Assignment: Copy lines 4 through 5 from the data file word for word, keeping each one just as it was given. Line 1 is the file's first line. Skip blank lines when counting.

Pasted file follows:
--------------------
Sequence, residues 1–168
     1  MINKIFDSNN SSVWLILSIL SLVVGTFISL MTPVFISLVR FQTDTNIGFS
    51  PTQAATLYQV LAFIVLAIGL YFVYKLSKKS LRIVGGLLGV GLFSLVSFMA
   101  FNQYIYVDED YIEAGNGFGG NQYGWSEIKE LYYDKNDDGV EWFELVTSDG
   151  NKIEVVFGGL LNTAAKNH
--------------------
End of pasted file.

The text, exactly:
   101  FNQYIYVDED YIEAGNGFGG NQYGWSEIKE LYYDKNDDGV EWFELVTSDG
   151  NKIEVVFGGL LNTAAKNH